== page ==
"He's got the goods - he's stylish in his own way, he's a damn good drummer, and he's funny. Kids forgive him - he's not an outsider."


"Yeah. In the last week of school, some of the girls in my class were talking about him and one said, 'sure he makes some funny noises, but I don't care because he's sooooo cute!' Honey, he'll be fine."

In that moment, as I do periodically, I sort of kissed the proverbial ground that in spite of obvious differences, he's accepted by his peers. Thank god. The door creaked a little as A came in, sleepy-eyed, and collapsed on my bed next to the dog. I looked at my brood as I perspired in the darkened room, pinned in place by them. I felt a part of something wonderful, accepted. A perfect ending, really.




Dale said...

I love the progression of this. Beautifully told. So sorry about the pain.

Fromage de Merde said...

When I was 11, and even before I was deemed incorrigible, I was sent to an all boys boarding school, lasted two weeks, kicked out for being too smart, scared the jocks. 10 years later I saw the school in the newspapers for some sort of sexual abuse scandal, funny, I never fit in there either.

Edge said...

So beautifully told. I felt every pang of not belonging, the ones we all feel, felt then especially.

Such keen insight Adriana

Tamar said...

Now you *know* how a post about exclusion resonates with me!! Beautifully written. Poignant. So sad.

I want to play tennis with you - I used to be quite good - as an outsider! Now, we would just have fun.

As always, I adore your descriptions of your beautiful family.

Thank you, Adriana.

8763 Wonderland said...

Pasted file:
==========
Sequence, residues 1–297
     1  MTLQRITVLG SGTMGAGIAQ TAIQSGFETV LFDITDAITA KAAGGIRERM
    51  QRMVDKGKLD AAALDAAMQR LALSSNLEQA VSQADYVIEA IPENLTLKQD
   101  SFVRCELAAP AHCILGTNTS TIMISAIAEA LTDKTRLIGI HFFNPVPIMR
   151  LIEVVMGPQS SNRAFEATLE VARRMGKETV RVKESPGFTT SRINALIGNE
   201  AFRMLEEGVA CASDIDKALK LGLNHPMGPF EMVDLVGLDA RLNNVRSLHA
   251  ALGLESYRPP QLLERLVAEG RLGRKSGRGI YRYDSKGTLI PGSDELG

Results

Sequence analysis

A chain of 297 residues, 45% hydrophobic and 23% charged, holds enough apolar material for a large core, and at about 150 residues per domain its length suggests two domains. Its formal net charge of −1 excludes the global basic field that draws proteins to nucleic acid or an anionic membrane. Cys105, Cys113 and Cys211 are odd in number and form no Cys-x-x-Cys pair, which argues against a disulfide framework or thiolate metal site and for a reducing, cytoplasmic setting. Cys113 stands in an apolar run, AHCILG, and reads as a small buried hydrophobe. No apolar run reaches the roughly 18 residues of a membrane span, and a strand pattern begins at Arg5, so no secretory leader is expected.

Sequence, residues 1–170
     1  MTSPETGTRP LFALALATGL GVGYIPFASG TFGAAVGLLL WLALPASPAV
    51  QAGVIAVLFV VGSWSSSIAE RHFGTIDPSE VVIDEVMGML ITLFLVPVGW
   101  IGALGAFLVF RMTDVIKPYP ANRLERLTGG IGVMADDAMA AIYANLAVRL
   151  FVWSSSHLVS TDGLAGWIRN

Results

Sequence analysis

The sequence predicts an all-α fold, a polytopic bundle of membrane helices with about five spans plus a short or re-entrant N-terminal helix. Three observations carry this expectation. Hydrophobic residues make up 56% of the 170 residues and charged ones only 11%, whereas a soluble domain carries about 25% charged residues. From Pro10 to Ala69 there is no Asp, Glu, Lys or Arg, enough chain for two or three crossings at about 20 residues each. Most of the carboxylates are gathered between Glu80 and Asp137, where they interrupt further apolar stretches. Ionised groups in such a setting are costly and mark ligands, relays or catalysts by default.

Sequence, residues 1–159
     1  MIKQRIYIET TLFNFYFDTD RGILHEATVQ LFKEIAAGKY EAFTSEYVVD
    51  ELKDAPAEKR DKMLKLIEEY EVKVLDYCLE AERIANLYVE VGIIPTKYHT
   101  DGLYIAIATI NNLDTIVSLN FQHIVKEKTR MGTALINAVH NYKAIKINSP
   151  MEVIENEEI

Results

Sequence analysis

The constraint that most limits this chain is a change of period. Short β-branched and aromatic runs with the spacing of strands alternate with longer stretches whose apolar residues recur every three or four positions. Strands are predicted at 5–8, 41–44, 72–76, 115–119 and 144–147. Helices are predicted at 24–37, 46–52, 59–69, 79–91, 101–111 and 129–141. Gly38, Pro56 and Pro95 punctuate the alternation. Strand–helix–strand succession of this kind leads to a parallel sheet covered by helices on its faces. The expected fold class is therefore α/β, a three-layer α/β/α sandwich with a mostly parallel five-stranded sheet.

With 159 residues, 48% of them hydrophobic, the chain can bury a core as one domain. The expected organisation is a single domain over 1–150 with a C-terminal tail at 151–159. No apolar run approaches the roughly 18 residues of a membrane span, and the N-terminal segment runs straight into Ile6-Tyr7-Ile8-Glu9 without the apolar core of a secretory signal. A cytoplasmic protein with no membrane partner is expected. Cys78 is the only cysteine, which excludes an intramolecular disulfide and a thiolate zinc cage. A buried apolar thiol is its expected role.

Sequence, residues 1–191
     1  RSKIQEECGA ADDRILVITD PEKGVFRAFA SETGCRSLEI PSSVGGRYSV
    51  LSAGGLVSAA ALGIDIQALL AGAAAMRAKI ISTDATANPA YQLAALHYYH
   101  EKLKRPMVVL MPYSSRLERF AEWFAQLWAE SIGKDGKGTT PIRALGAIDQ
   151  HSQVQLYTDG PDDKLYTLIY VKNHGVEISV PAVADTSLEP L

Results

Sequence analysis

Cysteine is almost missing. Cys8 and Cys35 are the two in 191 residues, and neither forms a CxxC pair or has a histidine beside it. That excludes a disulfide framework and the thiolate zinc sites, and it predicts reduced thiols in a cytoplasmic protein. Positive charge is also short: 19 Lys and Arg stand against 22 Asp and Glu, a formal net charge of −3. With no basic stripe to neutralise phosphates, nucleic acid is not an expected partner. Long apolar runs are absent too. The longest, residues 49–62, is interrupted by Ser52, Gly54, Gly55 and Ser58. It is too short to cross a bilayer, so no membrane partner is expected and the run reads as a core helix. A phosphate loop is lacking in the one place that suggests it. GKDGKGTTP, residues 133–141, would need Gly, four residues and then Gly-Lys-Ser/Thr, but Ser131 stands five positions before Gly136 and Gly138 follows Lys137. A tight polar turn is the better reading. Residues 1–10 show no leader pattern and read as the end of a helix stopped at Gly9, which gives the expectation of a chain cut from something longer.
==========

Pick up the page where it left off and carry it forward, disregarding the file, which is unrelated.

"Pinned in place by them"? Hmmmmmmm. Dr. Freud will see you now, Miss Bliss.

Adriana Bliss said...

Thanks so much for reading, NYC Taxi. Cool blog, btw.

Dale, thank you.

Patrick, it is interesting, looking at the people who didn't "fit in." I have to say, I rather love all the misfits I've met.

Edge, thank you so much.

Oh yes, Tamar, I know this is something we share deeply. Thank you for popping in here!


Shuana said...

Hemmed in by the beloved,
a fortress of hot, innocent, sweaty flesh.
Protection against feeling an outsider and against marginalization. Here you are at home, no matter how confining. Here you know the rules. Here you can play the game with expertise. You are the very center of your world.

Richard Lawrence Cohen said...

I love the way you interweave past and present, in this and many other posts.

A. said...

beautifully written as always. You evoke Pasadena as I remember it. Hey, did you go to Westridge that one awful year? I graduated from there and am still working out the traumas.

Adriana Bliss said...

"Hemmed in by the beloved,
a fortress of hot, innocent, sweaty flesh."

I love that, Shuana...thank you.

And thank you, Richard.

Oh Adrienne...yup, that's the place. Hideous school. No surprise you're still traumatized. Looking back, the faculty and staff must have all been smoking crack in the principal's office to have allowed that place to become the festering boil it was. (How's that for lingering bitterness? LOL) Wow...I wonder if I've got you in my yearbook? You poor dear.

Jennifer said...

Outside in.

Funny how life can work, isn't it?

Beautiful. As always.